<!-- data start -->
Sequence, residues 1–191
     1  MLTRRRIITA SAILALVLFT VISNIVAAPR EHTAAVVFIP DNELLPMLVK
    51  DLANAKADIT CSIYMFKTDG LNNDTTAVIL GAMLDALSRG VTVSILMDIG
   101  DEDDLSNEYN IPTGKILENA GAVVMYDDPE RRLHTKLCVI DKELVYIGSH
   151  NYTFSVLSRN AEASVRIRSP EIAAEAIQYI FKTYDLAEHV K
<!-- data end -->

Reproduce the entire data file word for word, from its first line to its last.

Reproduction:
Sequence, residues 1–191
     1  MLTRRRIITA SAILALVLFT VISNIVAAPR EHTAAVVFIP DNELLPMLVK
    51  DLANAKADIT CSIYMFKTDG LNNDTTAVIL GAMLDALSRG VTVSILMDIG
   101  DEDDLSNEYN IPTGKILENA GAVVMYDDPE RRLHTKLCVI DKELVYIGSH
   151  NYTFSVLSRN AEASVRIRSP EIAAEAIQYI FKTYDLAEHV K